On death row for sorcery, maid spared by king

Updated 15 February 2014
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On death row for sorcery, maid spared by king

An Indonesian housemaid, on death row for sorcery, has been pardoned by Custodian of the Two Holy Mosques King Abdullah.
“Ati Bt Abeh Inan, who has been languishing in Al-Ahsa jail for casting a magic spell on her employer and his family, has been released and sent back to Indonesia,” said Ahrul Tsani Fathurrahman, a spokesman for the Indonesian Embassy, on Wednesday.
“The embassy expresses its gratitude to King Abdullah and to authorities in Saudi Arabia for their cooperation in releasing Ati,” said Fathurrahman.
Ati hails from an impoverished region of Sukabumi in West Java.
The maid, who was reunited with her family this week in Indonesia, had been working for a Saudi family in Al-Ahsa since 2003.
“The case of Ati could be classified as a death-row case … as you know, practicing or using black magic, or what we call witchcraft, could lead to a death sentence in the Kingdom,” said Fathurrahman.
Her case was complex one because “her employer himself accused her of using black magic and allegedly forced her to admit the allegation,” he said.
She was then sentenced by Al-Ahsa General Court in 2003 by her admission of the allegation.
The spokesman was also asked about progress made in the case of another Indonesian housemaid due to be executed this month.
He said “Satinah Binti Jumadi Ahmad, a 40-year-old Indonesian female worker, has received clemency from her employer’s heirs upon condition that Satinah and her family pay SR7 million in blood money.”
Satinah may be executed this month if her family or the Jakarta government fails to raise the money.
Satinah is facing death for murdering her employer and fleeing with SR37,500 cash in 2007.
Fathurrahman said: “Satinah’s family has so far been able to collect SR4 million, including SR3 million in contributions by the Indonesian government.”
This also includes about SR500,000 donated by Indonesians and another SR500,000 from an unnamed Saudi donor.
“Satinah’s family, especially her only daughter, 20-year-old Nur Afriani, sincerely hopes that the victim’s heirs will accept SR4 million in blood money,” said Fathurrahman.
Nur was 11 when her mother left her in Indonesia.
Arab News asked the embassy about the date of execution if the demanded amount is not raised.
It suggested the Qassim governorate be contacted for details.


World applauds as Saudi women take the wheel

A Saudi woman and her friends celebrate her first time driving on a main street of Alkhobar city in eastern Saudi Arabia on her way to Bahrain on June 24, 2018. (AFP / HUSSAIN RADWAN)
Updated 25 June 2018
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World applauds as Saudi women take the wheel

  • As the de facto ban on women driving ended after more than 60 years, women across the Kingdom flooded social media with videos of their first car trips
  • The celebrations even reached as far as France, where Aseel Al-Hamad, the first female member of the Saudi national motorsport federation, drove a Formula 1 racing car in a special parade before the French Grand Prix at Le Castellet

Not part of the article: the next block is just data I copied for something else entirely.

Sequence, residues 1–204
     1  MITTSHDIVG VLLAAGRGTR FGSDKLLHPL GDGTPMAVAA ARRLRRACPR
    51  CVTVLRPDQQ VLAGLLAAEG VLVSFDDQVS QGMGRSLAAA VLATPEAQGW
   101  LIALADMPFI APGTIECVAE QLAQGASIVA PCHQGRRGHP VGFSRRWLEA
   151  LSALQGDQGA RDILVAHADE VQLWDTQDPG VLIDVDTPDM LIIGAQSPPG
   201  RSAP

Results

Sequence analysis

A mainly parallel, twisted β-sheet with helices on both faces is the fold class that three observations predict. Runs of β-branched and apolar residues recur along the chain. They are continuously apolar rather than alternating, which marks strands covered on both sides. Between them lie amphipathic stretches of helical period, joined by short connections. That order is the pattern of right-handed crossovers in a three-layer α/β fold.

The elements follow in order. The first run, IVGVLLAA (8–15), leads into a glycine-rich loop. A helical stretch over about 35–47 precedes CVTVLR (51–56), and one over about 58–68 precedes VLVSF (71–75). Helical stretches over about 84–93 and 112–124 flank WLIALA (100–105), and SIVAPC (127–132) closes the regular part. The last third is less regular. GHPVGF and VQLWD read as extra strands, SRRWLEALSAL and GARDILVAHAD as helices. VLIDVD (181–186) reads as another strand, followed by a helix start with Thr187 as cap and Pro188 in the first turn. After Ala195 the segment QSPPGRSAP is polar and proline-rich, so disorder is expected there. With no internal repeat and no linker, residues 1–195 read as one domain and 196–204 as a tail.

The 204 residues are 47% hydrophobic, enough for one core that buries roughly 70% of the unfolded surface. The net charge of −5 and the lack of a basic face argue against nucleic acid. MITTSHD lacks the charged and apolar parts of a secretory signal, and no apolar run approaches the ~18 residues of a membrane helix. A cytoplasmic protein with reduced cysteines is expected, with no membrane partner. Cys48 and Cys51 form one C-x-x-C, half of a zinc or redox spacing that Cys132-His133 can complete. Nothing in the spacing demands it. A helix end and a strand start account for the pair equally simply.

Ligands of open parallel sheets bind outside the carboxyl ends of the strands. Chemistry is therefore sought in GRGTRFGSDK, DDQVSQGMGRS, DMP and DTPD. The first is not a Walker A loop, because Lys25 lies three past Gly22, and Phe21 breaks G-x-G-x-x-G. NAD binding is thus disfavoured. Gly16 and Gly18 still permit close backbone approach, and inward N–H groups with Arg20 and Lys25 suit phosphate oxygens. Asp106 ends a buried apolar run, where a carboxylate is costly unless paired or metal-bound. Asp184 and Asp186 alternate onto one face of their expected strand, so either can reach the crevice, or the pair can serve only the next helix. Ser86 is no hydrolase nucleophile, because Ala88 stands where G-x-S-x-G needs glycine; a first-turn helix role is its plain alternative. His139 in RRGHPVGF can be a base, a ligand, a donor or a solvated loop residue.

JEDDAH: The world awoke on Sunday to images and video footage many thought they would never see — newly empowered Saudi women taking the wheel and driving their cars.

As the de facto ban on women driving ended after more than 60 years, women across the Kingdom flooded social media with videos of their first car trips, while some police officers among the large number out on the streets distributed roses to the first-time drivers.

The celebrations even reached as far as France, where Aseel Al-Hamad, the first female member of the Saudi national motorsport federation, drove a Formula 1 racing car in a special parade before the French Grand Prix at Le Castellet.

“I hope doing so on the day when women can drive on the roads in the Kingdom of Saudi Arabia shows what you can do if you have the passion and the spirit to dream,” she said.

In a tribute to Saudi female drivers, the Lebanese soprano Hiba Tawaji released a special video of a song she performed live in Riyadh at a concert last December “Today women in Saudi Arabia can legally drive their cars,” she said. “Congratulations on this achievement, this one’s for you!”

Back home in Saudi Arabia, the atmosphere was euphoric. “It’s a beautiful day,” businesswoman Samah Algosaibi said as she cruised around the city of Alkhobar. 

“Today we are here,” she said from the driver’s seat. “Yesterday we sat there,” she said, pointing to the back.

“I feel proud, I feel dignified and I feel liberated,” said Saudi Shoura Council member Lina Almaeena, one of the first women to drive in the Kingdom.

She told Arab News that the event was changing her life by “facilitating it, making it more comfortable, making it more pleasant, and making it more stress-free.”

Almaeena urged all drivers to follow the traffic and road safety rules. “What’s making me anxious is the misconduct of a lot of the drivers, the male drivers. Unfortunately they’re not as disciplined as they should be. Simple things such as changing lanes and using your signals — this is making me anxious.

“But I’m confident: I’ve driven all around the world when I travel, especially when I’m familiar with the area. It’s really mainly how to be a defensive driver because you have to be.”